Americans need to stop wanting a President, or any elected official, who is going to do what HE thinks is the right thing to do. We should want a President who is going to do what we tell him to do. We’re not talking about the minutiae of day to day operation, rather on the big things. We should have a direct technological way to tell him what we want him to do on the big things and we get to decide what’s big. And that technological method of telling him should be an amalgamated voice of the people who elected him. No one person should be entrusted with the power to represent all the people of the United States. But I’m willing to accept a leader who does what his constituents tell him to do, because to me, that seems like the point of the job. Personally, I want someone who is going to do the will of the people, not the other way around. Neither the President nor any other elected official should have the right to do what THEY think is the correct thing. Elected officials should do what the people who elected them tell them to do and those actions should only be chosen originally if they are good for the majority of all the people.

And if they don’t do what we tell them to do, they should be removed from office immediately.

By the way, this strategy is the same used by corporations. Corporations are only concerned about profit and they are legally bound to be that way. The leaders of the corporation must follow the explicit instructions given to them by a majority of stockholders and the Board of Directors. And they can be contractually obligated to a performance standard or they will be summarily replaced. And if they do anything that has a detrimental outcome on the majority of the stockholders by financially damaging the company, they can be held responsible.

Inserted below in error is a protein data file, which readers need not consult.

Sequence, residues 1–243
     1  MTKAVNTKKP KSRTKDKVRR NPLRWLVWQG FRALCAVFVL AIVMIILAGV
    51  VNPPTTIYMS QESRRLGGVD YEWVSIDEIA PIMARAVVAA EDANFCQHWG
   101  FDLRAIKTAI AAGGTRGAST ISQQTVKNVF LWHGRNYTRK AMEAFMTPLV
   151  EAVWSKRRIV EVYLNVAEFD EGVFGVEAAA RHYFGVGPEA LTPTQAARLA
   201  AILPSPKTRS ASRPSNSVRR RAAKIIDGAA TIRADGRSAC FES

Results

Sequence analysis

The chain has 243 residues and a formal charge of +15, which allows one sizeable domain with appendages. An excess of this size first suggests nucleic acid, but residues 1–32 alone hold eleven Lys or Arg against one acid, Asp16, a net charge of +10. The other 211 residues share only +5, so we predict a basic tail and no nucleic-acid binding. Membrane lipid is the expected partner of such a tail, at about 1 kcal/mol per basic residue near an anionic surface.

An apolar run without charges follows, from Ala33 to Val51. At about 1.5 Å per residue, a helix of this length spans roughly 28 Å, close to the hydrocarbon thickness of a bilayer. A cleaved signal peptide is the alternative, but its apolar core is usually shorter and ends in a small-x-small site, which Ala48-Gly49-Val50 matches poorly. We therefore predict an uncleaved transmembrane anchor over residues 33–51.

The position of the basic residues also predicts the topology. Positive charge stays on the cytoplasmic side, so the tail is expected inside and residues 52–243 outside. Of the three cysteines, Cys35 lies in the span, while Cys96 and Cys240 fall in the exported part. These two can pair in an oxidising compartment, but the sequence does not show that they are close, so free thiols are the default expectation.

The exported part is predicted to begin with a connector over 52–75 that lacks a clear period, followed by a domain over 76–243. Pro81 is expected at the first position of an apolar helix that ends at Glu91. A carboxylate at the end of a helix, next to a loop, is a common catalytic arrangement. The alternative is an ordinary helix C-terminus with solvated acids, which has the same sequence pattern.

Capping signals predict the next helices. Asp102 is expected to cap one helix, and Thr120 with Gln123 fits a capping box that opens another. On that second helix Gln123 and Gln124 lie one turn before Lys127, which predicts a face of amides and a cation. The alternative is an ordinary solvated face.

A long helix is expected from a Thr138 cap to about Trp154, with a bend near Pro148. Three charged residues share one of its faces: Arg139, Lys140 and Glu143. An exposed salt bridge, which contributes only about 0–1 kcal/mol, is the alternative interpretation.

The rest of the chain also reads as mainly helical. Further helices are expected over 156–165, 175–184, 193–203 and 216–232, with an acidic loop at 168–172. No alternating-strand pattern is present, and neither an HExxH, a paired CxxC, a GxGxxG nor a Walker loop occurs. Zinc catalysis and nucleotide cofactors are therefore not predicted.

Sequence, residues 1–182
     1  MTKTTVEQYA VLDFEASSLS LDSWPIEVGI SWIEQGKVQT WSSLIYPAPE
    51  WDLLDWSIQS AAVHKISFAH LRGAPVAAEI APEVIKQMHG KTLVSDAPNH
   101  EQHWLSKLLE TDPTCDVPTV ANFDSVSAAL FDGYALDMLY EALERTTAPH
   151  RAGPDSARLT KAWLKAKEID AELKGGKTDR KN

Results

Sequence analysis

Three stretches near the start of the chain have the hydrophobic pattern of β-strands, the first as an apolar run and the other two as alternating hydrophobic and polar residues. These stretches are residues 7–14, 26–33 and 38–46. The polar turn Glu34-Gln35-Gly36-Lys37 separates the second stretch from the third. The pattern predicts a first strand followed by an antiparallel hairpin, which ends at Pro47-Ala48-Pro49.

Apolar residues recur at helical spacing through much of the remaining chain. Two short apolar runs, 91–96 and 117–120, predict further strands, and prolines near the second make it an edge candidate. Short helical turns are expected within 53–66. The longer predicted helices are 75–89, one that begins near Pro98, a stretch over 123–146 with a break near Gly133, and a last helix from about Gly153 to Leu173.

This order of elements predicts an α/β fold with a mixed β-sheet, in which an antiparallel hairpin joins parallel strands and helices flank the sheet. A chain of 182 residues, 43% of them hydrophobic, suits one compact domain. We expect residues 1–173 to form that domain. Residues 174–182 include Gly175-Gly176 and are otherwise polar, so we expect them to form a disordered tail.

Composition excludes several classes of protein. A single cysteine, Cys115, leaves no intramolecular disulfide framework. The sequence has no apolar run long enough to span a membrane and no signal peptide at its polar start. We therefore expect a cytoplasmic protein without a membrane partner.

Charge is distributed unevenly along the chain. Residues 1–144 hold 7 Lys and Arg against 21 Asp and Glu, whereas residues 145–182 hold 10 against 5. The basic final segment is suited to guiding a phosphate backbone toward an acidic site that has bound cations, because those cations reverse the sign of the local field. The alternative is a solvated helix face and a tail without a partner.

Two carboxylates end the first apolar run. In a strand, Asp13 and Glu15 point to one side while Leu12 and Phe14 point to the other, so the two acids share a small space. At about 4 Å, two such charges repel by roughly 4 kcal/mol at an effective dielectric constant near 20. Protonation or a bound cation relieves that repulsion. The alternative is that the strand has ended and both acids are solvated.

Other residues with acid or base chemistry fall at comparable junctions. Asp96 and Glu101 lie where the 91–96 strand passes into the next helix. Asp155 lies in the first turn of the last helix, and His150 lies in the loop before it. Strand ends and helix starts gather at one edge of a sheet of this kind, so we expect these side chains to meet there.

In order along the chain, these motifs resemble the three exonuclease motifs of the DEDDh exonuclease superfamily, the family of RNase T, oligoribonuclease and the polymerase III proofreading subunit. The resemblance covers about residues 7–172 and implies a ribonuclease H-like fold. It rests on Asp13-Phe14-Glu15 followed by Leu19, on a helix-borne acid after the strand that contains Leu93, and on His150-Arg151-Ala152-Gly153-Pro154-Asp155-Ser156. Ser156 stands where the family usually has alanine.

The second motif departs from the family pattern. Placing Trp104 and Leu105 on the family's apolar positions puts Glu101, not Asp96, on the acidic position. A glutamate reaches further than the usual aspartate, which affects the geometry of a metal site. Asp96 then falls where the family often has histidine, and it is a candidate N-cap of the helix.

Fine idea if you ask me. And since corporations can now be involved in politics, it’s only fair that we can use their tools against the politicians they buy off.

Every politician who gets elected ought to be required to sign a performance contract. But good luck with ever getting that to happen.

Our idea is different. We won’t give you our vote until you agree and sign our pre-determined and inviolable performance contract called the Freedom Contract. If you think that’s the way the relationship should be with potential elected officials, then you should join the Freedom Contract Party.

Here’s how the math works.